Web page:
25/07/2018 9:52 am
ESA–G. Porter, CC BY-SA 3.0 IGO
The smaller model asteroid seen here atop a rover that slowly wheels around another larger model asteroid, a practical recreation of the kind of binary asteroid system to be visited by ESA’s proposed Hera mission.
The camera seen to the right, mounted on a 33 m track, approaches this miniature binary asteroid system to test vision-based navigation software. Employing 3D printed asteroid models, this test took place in ESA's GNC Rendezvous, Approach and Landing Simulator, or GRALS.
“ESA’s Hera mission, currently under study, would be humankind’s first mission to a binary asteroid system, targeting the Didymos pair of Near-Earth asteroids,” explains Paolo Martino, Hera system engineer.
“The plan is to map surface features of these bodies on an automated basis to pinpoint Hera’s position in space and chart its onward trajectory. And GRALS is letting us test candidate navigation algorithms in a real-world way.”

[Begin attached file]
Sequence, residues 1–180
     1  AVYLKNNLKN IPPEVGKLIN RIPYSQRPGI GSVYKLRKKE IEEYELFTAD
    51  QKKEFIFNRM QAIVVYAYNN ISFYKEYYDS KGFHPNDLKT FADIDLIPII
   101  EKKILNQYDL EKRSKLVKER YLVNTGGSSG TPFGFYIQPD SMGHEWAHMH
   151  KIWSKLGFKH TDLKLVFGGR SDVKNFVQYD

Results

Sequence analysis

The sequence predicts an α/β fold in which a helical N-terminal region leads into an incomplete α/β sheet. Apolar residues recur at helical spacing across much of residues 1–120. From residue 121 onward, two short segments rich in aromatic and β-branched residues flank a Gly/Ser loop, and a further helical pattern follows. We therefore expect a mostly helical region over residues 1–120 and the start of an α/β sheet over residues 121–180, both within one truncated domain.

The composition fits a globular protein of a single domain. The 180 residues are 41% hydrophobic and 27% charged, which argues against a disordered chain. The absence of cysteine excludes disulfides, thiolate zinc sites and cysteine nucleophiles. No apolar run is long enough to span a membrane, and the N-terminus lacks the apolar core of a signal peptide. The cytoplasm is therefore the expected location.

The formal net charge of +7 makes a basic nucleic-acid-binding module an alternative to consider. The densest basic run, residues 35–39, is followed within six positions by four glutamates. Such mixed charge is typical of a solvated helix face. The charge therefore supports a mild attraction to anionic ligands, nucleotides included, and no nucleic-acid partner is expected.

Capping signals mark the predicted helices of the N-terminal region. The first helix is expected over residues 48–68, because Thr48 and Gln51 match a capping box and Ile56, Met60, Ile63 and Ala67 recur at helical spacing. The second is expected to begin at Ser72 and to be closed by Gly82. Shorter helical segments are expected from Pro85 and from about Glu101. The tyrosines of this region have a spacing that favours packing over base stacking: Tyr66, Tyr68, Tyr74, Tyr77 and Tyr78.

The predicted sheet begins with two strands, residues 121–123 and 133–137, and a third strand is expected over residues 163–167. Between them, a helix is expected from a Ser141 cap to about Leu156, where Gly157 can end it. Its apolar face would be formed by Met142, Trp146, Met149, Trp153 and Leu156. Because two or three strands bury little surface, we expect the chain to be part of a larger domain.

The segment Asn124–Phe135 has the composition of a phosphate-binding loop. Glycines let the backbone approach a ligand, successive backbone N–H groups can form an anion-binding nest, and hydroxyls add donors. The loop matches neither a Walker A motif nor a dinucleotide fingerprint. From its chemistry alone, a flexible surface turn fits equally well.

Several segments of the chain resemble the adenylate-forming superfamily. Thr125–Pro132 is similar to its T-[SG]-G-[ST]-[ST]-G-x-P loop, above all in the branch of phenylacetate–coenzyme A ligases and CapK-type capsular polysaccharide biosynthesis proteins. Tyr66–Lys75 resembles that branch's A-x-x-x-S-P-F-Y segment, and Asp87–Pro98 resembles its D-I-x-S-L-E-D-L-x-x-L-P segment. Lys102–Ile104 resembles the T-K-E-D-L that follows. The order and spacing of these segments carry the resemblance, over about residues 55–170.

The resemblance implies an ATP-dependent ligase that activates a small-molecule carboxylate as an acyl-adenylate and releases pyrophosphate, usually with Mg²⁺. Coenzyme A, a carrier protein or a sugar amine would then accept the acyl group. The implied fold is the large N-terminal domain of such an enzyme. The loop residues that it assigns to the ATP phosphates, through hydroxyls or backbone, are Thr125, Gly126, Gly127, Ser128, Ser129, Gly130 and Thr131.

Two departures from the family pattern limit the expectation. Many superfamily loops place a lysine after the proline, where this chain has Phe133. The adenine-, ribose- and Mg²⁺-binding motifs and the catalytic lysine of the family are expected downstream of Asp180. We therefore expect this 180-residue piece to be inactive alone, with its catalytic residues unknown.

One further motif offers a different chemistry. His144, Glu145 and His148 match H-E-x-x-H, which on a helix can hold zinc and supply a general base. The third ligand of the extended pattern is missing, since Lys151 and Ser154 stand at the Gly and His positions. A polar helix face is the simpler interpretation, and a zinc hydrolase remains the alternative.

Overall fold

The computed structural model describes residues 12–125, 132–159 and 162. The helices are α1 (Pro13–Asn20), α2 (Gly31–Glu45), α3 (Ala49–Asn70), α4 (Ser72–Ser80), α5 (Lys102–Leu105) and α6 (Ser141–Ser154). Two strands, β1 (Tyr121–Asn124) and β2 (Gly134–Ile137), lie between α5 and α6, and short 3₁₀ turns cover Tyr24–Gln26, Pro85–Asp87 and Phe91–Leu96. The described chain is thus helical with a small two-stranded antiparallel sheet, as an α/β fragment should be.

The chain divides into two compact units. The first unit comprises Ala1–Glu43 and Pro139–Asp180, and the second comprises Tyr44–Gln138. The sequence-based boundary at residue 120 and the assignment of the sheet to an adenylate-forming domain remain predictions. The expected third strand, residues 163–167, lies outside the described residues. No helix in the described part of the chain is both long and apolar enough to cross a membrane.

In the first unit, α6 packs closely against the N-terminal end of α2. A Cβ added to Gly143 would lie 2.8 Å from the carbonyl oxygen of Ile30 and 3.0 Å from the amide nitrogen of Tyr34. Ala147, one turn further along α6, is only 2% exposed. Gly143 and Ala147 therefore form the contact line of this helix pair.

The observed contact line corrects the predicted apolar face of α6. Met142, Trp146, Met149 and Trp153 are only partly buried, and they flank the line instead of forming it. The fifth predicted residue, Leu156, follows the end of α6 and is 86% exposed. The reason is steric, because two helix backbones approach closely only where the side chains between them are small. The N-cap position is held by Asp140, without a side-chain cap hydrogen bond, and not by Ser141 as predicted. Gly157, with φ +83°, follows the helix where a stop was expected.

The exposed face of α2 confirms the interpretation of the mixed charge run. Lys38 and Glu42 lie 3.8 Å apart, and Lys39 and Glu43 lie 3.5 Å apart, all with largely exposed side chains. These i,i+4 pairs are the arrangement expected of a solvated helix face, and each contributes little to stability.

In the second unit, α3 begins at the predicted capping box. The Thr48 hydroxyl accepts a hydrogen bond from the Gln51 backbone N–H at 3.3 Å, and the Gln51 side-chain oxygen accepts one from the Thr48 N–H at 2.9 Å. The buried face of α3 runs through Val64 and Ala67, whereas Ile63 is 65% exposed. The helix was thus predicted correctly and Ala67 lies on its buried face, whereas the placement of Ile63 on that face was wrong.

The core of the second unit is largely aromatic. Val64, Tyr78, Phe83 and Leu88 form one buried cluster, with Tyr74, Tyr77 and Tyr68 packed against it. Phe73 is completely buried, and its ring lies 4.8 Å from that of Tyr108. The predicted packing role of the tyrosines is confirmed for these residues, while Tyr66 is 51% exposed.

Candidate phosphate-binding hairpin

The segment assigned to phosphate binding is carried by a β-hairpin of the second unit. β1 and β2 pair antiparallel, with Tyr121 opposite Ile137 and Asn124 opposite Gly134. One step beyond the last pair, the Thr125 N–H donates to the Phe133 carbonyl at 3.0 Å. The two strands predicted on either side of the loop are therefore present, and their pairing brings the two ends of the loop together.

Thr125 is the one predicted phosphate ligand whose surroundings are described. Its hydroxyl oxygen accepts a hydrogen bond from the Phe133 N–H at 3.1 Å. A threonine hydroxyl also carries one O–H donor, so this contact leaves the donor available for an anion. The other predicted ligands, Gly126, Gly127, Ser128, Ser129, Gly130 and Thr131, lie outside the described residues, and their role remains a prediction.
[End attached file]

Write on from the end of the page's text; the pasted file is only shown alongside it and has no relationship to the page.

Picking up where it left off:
Part of the Agency's Orbital Robotics and Guidance, Navigation and Control Laboratory in its ESTEC technical centre in the Netherlands, GRALS is used to simulate close approach to uncooperative targets such as asteroids or drifting satellites.
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